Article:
GHANA VOIP FRAMEWORK: NCA IN A DITHER OVER THE WAY FORWARD
Ghana’s regulator, the National Communications Authority is beginning to find its feet. It has recently had a new Chair appointed (see People below), freeing it from the grip of direct Government control. Apparently the outgoing Communications Minister (who was the then Chair of the NCA) put a paper to the Board of the the NCA suggesting that only one VOIP licence be granted. It was rejected by the NCA Board. With the Government as owner of Ghana Telecom no longer as Chair, it is loudly declaring to all who will listen that "the NCA has not been set up to be a friend to Ghana Telecom".
Nevertheless it is having some difficulty reaching a speedy and agreed position on the VOIP issue. In formal terms a paper has gone to the NCA board and it will decide on the issue in the coming months. However it is clear that there is a major debate going on between those who wish to see the market opened up (with certain safeguards) and those who are still anxious to protect the Government-owned incumbent from any serious or for that matter legal competition. With Ghana Telecom itself estimating its losses to "illegal" VOIP traffic at between US$15-25 million, it is quite clear that the company is already getting a run for its money. And the competition is not always coming from where you’d expect it: at least one mobile operator is carrying a lot of VOIP traffic and Westel’s licensed international gateway is doing good business.
Bernard Forson, Deputy Director of the NCA provided an insight into the regulators thinking at a meeting of cyber-café operators at Busy Internet: "The best the Government can do is create an enabling environment. It can’t pay for the infrastructure...We want to ensure therefore that there is a vibrant backbone." He said that he wanted to "walk you through our thinking, especially on VOIP." The thought processes he went through seemed to indicate that he favoured more international gateways provided those involved made a contribution to modernising the infrastructure. Roughly translated, new gateways would need to make investment commitments and would also probably find that GT was allowed to charge more on the interconnect rates.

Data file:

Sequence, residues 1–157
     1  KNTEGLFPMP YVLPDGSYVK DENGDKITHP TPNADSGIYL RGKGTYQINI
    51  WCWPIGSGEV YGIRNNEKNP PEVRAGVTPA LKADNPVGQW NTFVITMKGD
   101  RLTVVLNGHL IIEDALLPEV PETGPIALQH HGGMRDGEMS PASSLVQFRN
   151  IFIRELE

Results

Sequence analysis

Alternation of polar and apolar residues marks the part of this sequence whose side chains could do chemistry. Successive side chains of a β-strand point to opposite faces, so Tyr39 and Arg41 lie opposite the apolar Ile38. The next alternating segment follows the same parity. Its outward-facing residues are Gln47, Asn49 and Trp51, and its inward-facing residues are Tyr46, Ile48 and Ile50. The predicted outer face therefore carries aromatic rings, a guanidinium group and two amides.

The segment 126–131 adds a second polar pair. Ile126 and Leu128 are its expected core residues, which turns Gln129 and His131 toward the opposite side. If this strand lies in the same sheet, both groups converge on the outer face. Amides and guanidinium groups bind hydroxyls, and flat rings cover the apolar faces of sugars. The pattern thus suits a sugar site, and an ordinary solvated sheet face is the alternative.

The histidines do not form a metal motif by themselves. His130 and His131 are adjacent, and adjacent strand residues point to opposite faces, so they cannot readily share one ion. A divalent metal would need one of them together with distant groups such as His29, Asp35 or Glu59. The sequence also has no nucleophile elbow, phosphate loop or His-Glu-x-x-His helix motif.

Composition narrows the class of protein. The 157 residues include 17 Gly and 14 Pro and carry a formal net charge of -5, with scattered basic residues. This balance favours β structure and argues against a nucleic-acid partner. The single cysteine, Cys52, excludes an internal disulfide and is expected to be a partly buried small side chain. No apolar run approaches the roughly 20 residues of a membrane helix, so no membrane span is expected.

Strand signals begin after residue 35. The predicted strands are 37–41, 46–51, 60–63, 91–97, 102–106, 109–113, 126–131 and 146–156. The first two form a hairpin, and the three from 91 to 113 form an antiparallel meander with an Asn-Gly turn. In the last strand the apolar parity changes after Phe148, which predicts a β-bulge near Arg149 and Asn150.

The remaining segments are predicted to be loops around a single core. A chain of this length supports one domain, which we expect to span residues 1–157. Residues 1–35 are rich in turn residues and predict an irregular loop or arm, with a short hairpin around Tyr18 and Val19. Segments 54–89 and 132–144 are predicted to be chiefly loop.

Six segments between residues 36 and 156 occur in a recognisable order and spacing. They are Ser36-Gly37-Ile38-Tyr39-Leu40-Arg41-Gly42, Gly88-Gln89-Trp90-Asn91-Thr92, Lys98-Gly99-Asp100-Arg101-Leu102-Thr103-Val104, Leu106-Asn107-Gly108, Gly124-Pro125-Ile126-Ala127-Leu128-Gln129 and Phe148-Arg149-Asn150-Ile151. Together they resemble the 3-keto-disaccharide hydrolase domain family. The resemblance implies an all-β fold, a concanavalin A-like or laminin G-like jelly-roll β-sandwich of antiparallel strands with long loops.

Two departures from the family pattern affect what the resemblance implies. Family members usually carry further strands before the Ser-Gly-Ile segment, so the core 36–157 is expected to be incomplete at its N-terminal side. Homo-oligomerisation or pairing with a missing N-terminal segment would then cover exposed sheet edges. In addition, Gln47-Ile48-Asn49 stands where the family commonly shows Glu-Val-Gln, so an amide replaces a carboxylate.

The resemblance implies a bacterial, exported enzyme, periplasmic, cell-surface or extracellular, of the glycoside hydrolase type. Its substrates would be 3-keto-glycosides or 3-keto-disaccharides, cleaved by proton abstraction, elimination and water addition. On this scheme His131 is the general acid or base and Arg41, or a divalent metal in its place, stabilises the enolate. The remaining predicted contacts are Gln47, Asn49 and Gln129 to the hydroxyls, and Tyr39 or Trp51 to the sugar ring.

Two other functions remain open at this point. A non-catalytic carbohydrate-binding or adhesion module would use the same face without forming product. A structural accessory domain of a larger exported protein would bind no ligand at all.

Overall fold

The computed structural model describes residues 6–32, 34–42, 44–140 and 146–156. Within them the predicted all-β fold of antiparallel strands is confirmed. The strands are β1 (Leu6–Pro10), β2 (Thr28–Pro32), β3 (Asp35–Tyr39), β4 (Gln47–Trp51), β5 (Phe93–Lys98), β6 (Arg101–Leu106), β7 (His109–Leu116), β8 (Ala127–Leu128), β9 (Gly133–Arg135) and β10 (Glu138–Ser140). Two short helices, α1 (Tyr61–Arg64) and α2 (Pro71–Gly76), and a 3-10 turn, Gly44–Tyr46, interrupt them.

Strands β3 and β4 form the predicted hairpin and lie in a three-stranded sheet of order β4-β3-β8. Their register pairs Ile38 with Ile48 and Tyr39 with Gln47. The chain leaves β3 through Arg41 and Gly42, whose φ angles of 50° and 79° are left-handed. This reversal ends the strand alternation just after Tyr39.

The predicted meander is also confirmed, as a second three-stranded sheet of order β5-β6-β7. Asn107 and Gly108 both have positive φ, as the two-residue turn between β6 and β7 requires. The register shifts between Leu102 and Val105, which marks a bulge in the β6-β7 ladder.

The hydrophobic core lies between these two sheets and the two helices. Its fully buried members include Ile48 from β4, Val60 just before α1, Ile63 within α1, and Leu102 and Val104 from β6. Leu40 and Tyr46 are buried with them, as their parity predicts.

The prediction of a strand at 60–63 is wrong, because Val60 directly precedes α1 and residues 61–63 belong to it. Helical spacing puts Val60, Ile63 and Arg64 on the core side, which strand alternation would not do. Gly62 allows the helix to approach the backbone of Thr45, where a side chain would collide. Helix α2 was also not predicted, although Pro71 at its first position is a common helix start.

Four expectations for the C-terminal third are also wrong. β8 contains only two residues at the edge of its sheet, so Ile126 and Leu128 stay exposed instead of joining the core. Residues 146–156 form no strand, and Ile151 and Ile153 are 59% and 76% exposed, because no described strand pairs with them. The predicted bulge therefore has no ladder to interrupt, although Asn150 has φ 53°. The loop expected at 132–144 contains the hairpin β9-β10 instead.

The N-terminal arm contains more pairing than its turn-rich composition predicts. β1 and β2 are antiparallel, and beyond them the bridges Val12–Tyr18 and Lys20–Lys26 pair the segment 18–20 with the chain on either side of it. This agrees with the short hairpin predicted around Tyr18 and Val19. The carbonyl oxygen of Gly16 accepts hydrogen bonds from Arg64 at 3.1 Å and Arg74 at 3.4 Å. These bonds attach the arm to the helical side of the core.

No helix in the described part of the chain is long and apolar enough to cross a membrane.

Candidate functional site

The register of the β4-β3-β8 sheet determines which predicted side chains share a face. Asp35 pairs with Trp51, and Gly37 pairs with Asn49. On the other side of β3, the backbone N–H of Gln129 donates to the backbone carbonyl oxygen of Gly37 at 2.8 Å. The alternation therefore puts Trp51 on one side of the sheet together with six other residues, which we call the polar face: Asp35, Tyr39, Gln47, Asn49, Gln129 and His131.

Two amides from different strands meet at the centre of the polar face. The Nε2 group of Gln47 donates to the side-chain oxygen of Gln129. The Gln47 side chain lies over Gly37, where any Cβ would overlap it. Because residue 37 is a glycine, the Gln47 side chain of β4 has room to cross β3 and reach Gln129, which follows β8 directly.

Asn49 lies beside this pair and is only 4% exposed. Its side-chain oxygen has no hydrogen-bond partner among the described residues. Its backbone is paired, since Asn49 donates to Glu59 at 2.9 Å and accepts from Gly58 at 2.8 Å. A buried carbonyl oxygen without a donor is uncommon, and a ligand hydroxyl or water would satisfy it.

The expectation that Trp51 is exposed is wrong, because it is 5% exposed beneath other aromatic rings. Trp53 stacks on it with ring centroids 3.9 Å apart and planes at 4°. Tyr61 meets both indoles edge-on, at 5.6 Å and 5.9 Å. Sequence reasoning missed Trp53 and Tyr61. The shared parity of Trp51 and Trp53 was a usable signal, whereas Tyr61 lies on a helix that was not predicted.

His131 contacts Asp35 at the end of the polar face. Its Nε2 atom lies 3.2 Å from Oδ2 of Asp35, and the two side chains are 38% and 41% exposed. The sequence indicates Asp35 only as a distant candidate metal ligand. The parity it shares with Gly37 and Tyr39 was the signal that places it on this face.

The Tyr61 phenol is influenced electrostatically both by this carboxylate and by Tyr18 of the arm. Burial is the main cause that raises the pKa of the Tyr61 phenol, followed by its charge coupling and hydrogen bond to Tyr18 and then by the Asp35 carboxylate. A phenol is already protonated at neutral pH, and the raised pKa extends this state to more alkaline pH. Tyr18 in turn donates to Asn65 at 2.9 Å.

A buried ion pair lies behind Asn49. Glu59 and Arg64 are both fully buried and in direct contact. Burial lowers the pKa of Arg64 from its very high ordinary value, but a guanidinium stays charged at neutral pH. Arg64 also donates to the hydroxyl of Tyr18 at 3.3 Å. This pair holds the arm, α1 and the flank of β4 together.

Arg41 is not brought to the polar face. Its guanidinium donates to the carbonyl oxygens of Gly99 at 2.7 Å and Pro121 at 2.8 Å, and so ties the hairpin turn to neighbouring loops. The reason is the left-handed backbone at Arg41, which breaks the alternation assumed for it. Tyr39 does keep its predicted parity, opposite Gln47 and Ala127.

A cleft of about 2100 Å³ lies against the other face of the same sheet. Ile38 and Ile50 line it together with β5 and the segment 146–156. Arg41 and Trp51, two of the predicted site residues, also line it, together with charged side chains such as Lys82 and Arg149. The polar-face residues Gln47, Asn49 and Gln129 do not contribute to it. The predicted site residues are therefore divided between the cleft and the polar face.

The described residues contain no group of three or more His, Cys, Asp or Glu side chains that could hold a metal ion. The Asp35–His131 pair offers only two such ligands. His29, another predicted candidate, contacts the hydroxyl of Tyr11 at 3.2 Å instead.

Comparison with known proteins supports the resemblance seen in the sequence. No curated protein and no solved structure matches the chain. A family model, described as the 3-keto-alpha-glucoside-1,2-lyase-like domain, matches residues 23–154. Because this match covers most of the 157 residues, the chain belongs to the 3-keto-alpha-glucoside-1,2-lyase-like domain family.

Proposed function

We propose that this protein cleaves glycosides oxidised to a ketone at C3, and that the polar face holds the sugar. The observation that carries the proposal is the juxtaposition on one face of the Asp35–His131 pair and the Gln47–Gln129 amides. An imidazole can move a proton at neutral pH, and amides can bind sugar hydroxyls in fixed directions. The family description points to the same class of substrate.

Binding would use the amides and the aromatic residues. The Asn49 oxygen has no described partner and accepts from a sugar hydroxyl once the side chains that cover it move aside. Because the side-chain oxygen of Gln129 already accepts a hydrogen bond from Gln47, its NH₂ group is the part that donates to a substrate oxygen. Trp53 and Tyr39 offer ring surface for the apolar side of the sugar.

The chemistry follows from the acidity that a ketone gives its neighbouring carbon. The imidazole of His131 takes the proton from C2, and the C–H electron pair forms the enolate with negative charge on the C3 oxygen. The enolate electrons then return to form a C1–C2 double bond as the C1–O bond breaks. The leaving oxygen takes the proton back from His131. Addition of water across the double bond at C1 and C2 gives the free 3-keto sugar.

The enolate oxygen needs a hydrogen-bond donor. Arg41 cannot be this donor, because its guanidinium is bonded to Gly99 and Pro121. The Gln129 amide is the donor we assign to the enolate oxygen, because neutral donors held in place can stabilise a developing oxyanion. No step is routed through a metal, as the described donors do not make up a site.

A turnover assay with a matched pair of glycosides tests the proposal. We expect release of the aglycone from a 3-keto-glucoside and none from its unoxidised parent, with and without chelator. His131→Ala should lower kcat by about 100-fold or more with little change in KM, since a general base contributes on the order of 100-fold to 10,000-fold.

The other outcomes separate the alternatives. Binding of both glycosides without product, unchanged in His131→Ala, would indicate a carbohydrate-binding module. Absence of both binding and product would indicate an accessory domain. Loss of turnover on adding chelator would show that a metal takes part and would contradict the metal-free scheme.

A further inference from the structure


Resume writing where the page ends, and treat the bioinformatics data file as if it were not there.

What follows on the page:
He was also clear that "there must be interconnect agreements between value service providers." GT is already challenging the interconnect rates and trying to raise them so that it can create a business model that deals with both greater competition and falling international rates. But according to one source close to the regulator: "The NCA wants to try and get a wider consensus and not go straight in with the big stick."
His most controversial pronouncement in a lively evening of debate was to compare illegal VOIP operators to cocaine dealers: both provided employment and opportunities but it didn’t make either desirable. The recent crackdown on VOIP operators uncovered an unlicensed ISP who had simply used another ISP’s licence papers to get lines from GT. A terrier-like overseas journalist amongst the audience got him to admit that with the passing of the duopoly that there were now no longer any rules and therefore it was hard to say that companies doing VOIP were breaking the rules. The NCA will have to move fast to fill this regulatory vacuum. Under questioning Forson said that a decision would be reached by the third quarter of this year. This is not exactly a speedy timetable given how many months have already gone by since the passing of the international duopoly.